Building A House

Building a house can be one of the most satisfying--or aggravating--activities that home buyers can undertake. The difference between building a dream house and a "nightmare on Elm Street" has a great deal to do with being certain that building a house is the right option for you and then following through with many of the details related to building a house.

Some Of The Advantages And Disadvantages Of Building A House:


  • More customized to your wants and needs.
  • All components of the house are new.
  • Most components are of the latest design.
  • New houses are generally built in areas of expansion rather than of decline. This will help your future resale value.
  • May be more personally satisfying if you take an active role in the house building process.


  • Generally more expensive than a resale house.
  • The delay during time of construction.
  • Potential "new house" problems--like anything brand new, it is rarely perfect.
  • The added costs--landscaping, window treatments, decorating, etc.--that you incur after moving in.
  • More complicated--finding a lot, finding a builder, getting a construction loan, etc.

If you decide that building a house (or buying a new one) is your best option, you will be confronted with a number of choices--there is no "one plan fits all" when it comes to new houses!

New house building choices:

  • Buying a new home that is already standing or currently under construction (a "spec"--built on speculation--house).
  • Building a house in a subdivision of new homes where a builder can give you a choice of plans.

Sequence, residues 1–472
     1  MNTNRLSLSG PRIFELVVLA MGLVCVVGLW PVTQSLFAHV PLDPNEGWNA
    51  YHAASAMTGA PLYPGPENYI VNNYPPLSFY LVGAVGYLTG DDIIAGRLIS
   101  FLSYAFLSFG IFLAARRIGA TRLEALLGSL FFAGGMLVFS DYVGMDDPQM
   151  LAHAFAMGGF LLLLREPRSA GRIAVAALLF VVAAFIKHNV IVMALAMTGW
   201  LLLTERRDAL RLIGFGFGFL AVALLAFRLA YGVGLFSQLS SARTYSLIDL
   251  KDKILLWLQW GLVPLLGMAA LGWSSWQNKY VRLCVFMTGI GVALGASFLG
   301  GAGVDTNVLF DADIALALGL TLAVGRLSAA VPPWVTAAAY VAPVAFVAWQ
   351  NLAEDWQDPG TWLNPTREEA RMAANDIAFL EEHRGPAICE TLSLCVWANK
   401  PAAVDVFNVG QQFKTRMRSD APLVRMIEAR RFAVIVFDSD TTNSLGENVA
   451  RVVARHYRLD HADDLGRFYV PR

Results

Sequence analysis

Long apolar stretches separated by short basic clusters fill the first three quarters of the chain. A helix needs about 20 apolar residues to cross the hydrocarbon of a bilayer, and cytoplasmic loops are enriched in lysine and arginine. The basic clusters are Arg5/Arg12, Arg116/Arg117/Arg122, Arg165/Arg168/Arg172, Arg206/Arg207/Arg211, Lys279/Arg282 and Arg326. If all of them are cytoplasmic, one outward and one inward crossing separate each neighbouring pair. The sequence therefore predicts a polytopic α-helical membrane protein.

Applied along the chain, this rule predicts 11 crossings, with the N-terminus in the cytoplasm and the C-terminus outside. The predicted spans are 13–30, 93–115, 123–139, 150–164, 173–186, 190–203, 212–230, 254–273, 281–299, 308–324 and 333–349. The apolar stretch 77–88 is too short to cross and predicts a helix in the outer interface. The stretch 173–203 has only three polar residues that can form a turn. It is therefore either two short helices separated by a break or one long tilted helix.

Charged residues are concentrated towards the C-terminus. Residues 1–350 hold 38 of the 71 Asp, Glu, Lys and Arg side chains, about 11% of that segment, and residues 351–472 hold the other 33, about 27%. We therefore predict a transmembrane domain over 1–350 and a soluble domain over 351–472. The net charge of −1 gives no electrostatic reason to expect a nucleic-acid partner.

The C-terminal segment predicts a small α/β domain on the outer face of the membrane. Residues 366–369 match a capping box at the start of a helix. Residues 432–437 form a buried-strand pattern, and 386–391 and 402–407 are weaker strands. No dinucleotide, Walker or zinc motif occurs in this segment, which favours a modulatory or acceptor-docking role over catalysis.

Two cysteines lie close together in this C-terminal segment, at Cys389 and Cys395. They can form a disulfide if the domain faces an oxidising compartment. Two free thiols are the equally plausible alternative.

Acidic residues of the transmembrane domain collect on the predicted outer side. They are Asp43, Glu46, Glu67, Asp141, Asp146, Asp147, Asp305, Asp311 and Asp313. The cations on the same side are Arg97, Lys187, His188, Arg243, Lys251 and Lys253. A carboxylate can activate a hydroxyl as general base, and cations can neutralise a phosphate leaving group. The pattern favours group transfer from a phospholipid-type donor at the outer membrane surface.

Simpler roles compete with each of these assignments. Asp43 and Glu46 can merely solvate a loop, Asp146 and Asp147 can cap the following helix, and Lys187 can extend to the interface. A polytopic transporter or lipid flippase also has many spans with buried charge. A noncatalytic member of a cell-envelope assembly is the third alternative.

• Building a house from an established plan on a lot of your choice.
  • Building a custom built home.

Finding Contractors

Unless you are buying a house that is already standing or in a subdivision tract, you will most likely need to choose and employ the services of an architect and/or builder. Choose wisely. During the time that your house is being built, you will be spending a lot of time with these individuals!

Building a house often involves compromises. Many home buyers consider building because the feel they can't find the "perfect" house in the resale market. Be aware, though, that unless you have an unlimited budget, are building on a highly adaptable lot and are a great distance from your nearest neighbors, you will have potential compromises you will need to deal with. Some examples are:

Cost: What you want may cost more than you want to spend.

Lot: The lot you have selected may not be able to accommodate the type of house you want to build.

Building Codes and Regulations: How you want to build the house may not fit within the building codes of your locality.

Neighborhood Covenants: The neighborhood in which you want to build the house may have covenants or restrictions that limit the type, size or style of the houses within the neighborhood.